The National Advisory Committee on Immunizations (NACI) has recommended against using the Oxford-AstraZeneca vaccine in people aged 65 and older, although Health Canada has authorized it to be used in adults of all ages.
The committee, which makes recommendations to governments on the use of newly approved vaccines for humans, said in documents posted Monday it does not recommend the vaccine for those 65 and older “due to limited information on [its] efficacy” in that age group.
NACI said its recommendations are based on independent advice and reflect the best current available scientific knowledge.
Health Canada authorized the vaccine on Friday as the third option to protect against COVID-19 along with those from Pfizer-BioNtech and Moderna.
One infectious disease specialist says he was taken aback by the different takes of Health Canada and NACI.
The vaccine has had positive results preventing hospitalizations and deaths due to COVID-19 in the United Kingdom, says Dr. Sumon Chakrabarti, a specialist at Trillium Health Partners in Mississauga, Ont.
“We’ve seen real-world usage in the U.K., for example, and the results were really good including for people who are even 80 years of age and older. So I’m not certain what to make of this, it’s still approved for people 18 and over, and I just want to see how this plays out. But I would not hesitate to recommend it,” Chakrabarti said on CBC News Network.
Chakrabarti also said it is possible NACI may end up updating its recommendation.
‘Science in real time’
Dr. Isaac Bogoch, an infectious disease physician and member of Ontario’s COVID-19 immunization task force, said not having enough data isn’t the same as saying a vaccine isn’t effective.
He said provinces and their health authorities will ultimately have the final say about which vaccines are administered in their areas.
“This is science in real time,” Bogoch said. “You can have multiple groups look at the exact same data and come to different conclusions.”
People over age 65 are disproportionately at risk of dying or being hospitalized from COVID-19.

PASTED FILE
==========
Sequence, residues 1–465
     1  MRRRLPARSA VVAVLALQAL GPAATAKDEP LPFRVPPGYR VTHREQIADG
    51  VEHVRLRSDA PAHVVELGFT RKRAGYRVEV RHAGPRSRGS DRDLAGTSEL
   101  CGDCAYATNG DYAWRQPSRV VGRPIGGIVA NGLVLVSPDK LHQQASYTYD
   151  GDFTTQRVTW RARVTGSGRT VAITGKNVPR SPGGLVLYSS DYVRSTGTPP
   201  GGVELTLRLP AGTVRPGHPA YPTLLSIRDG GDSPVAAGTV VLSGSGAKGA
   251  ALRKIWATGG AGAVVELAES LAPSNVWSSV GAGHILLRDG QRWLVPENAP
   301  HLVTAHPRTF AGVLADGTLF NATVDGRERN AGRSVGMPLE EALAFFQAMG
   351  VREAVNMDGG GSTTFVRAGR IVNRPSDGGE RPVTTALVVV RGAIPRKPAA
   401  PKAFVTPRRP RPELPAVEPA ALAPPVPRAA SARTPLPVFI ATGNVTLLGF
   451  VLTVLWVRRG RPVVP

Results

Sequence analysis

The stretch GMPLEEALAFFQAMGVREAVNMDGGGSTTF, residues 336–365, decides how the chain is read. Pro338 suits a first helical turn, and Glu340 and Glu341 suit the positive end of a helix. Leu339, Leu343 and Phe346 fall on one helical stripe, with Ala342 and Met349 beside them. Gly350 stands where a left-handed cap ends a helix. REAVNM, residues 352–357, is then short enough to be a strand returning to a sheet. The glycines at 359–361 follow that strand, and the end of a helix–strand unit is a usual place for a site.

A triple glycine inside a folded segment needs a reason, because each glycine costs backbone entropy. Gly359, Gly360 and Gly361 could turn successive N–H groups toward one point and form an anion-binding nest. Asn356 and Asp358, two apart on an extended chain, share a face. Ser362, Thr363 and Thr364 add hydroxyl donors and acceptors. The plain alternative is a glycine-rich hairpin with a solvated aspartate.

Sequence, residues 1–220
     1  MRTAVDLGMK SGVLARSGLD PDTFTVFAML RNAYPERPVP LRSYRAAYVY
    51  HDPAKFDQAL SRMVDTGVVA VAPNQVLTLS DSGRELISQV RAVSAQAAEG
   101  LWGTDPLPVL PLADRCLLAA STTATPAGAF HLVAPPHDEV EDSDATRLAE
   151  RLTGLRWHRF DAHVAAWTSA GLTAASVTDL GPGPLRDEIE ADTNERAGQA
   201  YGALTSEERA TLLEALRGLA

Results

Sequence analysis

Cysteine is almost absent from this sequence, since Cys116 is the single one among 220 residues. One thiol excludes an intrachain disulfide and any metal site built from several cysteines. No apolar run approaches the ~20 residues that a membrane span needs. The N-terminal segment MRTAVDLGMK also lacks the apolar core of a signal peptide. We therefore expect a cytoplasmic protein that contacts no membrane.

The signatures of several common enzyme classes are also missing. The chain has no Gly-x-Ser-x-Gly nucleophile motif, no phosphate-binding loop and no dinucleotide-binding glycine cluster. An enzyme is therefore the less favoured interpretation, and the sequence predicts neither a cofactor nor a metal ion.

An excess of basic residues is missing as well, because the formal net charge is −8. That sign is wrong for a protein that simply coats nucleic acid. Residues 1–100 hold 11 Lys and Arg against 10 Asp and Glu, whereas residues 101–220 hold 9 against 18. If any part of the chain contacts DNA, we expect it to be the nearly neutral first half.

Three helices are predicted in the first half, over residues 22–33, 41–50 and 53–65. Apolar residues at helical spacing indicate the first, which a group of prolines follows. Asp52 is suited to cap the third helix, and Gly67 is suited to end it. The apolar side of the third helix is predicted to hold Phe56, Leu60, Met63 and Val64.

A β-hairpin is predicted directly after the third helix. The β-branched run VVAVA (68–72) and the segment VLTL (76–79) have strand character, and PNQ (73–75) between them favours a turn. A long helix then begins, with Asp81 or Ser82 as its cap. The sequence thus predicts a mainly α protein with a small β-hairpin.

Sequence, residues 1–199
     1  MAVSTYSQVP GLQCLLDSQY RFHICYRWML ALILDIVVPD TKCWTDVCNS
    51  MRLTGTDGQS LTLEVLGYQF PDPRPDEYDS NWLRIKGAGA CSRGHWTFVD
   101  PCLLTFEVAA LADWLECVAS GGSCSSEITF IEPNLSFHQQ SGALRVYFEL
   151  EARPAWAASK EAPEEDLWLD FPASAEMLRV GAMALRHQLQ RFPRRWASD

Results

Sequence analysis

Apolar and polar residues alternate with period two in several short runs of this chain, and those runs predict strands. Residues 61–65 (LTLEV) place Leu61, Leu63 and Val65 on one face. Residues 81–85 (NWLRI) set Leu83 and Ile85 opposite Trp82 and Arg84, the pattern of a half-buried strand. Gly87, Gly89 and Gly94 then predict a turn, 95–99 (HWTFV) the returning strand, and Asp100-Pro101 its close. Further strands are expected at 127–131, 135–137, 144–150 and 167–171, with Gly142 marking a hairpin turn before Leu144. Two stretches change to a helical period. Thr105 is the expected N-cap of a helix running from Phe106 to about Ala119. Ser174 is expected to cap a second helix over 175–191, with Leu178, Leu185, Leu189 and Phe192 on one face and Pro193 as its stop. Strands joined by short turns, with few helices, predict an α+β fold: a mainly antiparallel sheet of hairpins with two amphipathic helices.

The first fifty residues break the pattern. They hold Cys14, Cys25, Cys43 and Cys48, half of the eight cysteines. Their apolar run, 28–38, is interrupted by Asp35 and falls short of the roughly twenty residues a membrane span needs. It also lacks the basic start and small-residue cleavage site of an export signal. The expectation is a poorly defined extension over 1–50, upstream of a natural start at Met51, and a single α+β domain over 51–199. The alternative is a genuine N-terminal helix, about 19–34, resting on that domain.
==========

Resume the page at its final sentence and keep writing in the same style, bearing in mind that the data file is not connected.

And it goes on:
“We know that any vaccine that’s currently available in Canada will help now,” he said.
Alyson Kelvin, a virologist working on COVID-19 vaccine candidates at VIDO-InterVac in Saskatoon, said some countries in Europe have been hesitant about approving the vaccine for older individuals.
“I think it’s really important that if a vaccine is available one takes it and that we don’t concentrate too much on small differences in effectiveness between vaccines,” Kelvin said.
Health Canada also said Monday that “the best vaccine for a Canadian is the one they can get. All COVID-19 vaccines authorized by Health Canada will help reduce severe disease, hospitalizations and deaths from COVID-19.”
In a statement to CBC News, Health Canada noted regulators have taken different approaches to the authorization of the AstraZeneca vaccine, but most have granted unrestricted use of the vaccine for adults.
There were no safety concerns for using the vaccine in those over 65 in clinical trials or among the thousands in that age group vaccinated with it so far in other countries, Health Canada said.
More clinical trial data on AstraZeneca’s vaccine is also expected in the coming weeks from the U.S.
NACI’s recommendations also include that the Pfizer-BioNTech vaccine may be offered to those aged 12 to 15.
Health Canada said it is not uncommon for NACI to provide advice that promotes or restricts the use of some vaccines compared with others after Health Canada independently assesses if a vaccine meets the bar for safety, efficacy and manufacturing quality.
IRCC: Canada welcomed over 35,000 new immigrants in June – Canada Immigration News
Canada recorded its strongest month for new permanent resident arrivals during the pandemic in June 2021, according to the office of Immigration Minister Marco Mendicino.
In a recent Globe and Mail article, the minister says “We are going to make good on our commitment to land 401,000 new permanent residents.”